Quality investing or Quality Factor Investing is a relatively new way of selecting stocks. It is closely related to value investing. Quality investing, however, not only looks at the price of a stock, but also at the quality. In other words, quality investors try to buy ‘good’ companies, not just cheap companies. Some investors even combine both approach, in which case the strategy is referred to as “quality at a reasonable price”. The approach was first studied by Asness, Frazzini, and Pedersen in 2013.
What is Quality Investing?
Buying ‘good’ firms is, of course, a bit too vague to be tractable. What makes a high-quality firm? Quality in this case is defined as good company properties investors can be expected to pay a higher price for. High quality means that the firm has a high present value of future cash flows. Considering Gordon’s Growth model (a type of dividend discount model):
On the left, we have the intrinsic value of the company, divided by the book value. This normalizes the value of the company, such that we can compare the intrinsic value of different companies. The right-hand side of the equation is better understood if we first write it as follows:
The right-hand side shows the main qualitiy characteristics used by Asness, Frazzini, and Pedersen. These traits generally justify a higher valuation multiple. In particular, it contains the following set of traits:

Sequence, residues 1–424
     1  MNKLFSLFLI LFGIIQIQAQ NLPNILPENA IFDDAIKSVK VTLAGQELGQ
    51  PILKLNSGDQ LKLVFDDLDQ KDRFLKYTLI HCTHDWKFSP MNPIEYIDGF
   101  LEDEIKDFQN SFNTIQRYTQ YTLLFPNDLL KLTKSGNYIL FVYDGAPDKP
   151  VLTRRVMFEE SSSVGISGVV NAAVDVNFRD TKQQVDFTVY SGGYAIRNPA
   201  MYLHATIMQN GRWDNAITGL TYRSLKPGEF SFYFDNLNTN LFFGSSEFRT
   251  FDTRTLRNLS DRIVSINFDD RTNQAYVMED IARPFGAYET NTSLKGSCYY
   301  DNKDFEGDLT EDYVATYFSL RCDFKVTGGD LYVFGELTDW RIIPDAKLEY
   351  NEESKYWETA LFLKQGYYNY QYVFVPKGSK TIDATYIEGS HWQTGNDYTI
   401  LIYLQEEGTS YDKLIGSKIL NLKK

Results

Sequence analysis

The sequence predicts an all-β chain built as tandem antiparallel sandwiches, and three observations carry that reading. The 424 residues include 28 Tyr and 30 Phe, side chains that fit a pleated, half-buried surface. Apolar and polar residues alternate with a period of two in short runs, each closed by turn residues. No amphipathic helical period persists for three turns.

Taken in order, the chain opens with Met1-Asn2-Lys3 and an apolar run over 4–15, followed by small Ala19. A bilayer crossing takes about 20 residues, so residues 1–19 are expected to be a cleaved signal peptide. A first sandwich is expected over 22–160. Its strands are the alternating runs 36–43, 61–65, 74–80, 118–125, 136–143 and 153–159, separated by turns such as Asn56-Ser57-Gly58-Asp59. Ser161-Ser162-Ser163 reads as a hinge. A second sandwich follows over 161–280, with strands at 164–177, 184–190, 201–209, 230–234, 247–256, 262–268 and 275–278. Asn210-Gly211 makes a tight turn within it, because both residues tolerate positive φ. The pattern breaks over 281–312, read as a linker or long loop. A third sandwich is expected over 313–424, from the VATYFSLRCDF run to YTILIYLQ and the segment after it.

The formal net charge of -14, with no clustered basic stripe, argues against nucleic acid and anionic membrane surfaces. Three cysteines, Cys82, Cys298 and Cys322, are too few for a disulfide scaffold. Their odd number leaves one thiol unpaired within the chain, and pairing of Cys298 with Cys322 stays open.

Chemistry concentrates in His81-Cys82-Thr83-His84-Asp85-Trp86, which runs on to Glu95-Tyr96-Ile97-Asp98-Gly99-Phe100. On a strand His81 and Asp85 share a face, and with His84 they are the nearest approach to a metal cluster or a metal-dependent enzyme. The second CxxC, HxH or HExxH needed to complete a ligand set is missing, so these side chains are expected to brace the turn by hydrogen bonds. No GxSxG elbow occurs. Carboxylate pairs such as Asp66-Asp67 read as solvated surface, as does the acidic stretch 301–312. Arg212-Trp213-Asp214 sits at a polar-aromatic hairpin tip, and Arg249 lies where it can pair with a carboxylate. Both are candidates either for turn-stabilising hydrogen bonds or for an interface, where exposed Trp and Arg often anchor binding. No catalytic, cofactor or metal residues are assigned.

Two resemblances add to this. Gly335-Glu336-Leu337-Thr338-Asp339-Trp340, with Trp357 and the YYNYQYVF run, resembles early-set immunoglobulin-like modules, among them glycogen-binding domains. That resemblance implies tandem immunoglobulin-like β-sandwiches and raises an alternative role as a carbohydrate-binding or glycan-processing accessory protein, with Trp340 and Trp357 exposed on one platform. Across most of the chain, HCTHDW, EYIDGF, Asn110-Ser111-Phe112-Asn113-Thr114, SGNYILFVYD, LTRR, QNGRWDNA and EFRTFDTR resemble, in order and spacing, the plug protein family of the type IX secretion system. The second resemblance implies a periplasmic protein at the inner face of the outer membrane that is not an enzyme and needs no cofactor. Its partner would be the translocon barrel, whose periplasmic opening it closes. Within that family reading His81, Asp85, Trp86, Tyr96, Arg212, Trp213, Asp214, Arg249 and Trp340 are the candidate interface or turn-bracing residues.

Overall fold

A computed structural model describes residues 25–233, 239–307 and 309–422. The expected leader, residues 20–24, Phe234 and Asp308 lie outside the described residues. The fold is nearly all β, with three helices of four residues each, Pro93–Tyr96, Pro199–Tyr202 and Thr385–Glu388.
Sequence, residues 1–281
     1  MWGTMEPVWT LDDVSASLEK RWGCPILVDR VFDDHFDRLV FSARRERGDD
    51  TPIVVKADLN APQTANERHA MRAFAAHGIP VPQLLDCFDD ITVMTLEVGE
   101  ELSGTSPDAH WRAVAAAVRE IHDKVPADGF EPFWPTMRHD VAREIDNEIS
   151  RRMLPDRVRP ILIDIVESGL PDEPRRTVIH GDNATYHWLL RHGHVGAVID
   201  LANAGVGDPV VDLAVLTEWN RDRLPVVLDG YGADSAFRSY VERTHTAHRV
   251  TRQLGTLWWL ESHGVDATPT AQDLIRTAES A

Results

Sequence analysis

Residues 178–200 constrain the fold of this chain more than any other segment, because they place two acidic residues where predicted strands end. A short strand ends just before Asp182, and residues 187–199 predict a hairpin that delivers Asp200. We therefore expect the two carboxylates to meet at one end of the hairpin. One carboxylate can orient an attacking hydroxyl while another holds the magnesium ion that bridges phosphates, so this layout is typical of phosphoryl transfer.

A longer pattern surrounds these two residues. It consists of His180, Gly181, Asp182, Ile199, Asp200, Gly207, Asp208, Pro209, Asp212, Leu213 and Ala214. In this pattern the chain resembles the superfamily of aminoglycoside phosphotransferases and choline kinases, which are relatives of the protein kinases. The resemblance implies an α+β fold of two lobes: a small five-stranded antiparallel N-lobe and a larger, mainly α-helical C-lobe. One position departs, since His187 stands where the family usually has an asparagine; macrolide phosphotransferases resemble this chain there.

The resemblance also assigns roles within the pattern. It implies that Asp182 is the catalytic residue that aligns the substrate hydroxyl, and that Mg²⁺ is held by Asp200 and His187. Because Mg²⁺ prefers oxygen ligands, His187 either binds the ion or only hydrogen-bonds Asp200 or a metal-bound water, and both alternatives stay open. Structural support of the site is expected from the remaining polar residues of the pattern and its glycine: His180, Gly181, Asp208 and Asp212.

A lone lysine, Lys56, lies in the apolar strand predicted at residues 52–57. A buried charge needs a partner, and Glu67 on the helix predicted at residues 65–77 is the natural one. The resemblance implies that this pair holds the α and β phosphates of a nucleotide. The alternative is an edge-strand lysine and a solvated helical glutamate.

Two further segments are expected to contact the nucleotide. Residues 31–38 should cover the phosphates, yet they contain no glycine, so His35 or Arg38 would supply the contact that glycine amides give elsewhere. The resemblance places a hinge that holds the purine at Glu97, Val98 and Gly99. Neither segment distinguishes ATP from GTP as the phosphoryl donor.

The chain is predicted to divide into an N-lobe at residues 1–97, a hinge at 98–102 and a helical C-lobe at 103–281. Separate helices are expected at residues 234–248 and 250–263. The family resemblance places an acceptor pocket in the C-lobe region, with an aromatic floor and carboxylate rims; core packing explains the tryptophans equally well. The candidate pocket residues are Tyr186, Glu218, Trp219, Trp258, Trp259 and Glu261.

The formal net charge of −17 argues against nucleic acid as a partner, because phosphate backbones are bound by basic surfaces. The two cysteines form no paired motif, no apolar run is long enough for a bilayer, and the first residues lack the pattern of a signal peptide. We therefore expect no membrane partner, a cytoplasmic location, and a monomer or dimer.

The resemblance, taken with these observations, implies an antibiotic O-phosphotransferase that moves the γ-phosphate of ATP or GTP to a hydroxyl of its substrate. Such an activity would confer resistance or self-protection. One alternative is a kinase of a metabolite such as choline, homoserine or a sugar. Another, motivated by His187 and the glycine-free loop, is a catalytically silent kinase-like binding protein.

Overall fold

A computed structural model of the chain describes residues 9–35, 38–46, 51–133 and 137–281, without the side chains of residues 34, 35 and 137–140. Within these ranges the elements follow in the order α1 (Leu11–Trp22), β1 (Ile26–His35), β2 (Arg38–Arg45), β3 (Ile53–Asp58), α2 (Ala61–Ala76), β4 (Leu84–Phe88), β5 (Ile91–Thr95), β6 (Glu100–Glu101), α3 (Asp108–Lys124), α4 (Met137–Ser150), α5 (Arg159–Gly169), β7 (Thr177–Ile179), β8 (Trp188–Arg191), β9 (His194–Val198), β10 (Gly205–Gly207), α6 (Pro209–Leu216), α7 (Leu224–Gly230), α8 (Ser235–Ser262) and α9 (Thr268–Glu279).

- First, there is Profitability which is defined as the profits (or net income) per unit of book value, Et(NIt+1)/Bt.
- Second, we have Payout. Payout is the fraction of the profits that are paid out to shareholders in the form of dividends. Et(Dt+1)/Et(NIt+1).
- g is the growth rate of profits
- k is the discount rate at which cashflows are discounted.
The formula states that investors are willing to pay a higher price multiple when the stocks exhibit higher growth, higher profitability, higher safety (lower k) and a higher payout ratio. It is a kind of ‘quality of earnings ratio formula’. The quality investing approach will buy stocks with higher growth, profitability, safety and payout ratios and sell stocks with low growth, profitability, safety and payout ratios.
We discussed quality investing, which is similar to value investing in that it looks as companies’ characteristics. However, whereas value investors try to buy stocks in a cheap way, quality investors are willing to buy stocks at higher prices if the stocks have good quality.
Interestingly, quality and value are often combined to form a ‘Quality at Reasonable Price‘ (QARP) strategy. This is a very attractive strategy because the returns to a quant quality and quant value factor are fairly uncorrelated. Combining value and quality should therefore lead to higher risk-adjusted returns. One should therefore not think of both approaches as a quality vs value. Instead, it is worthwhile to combine them.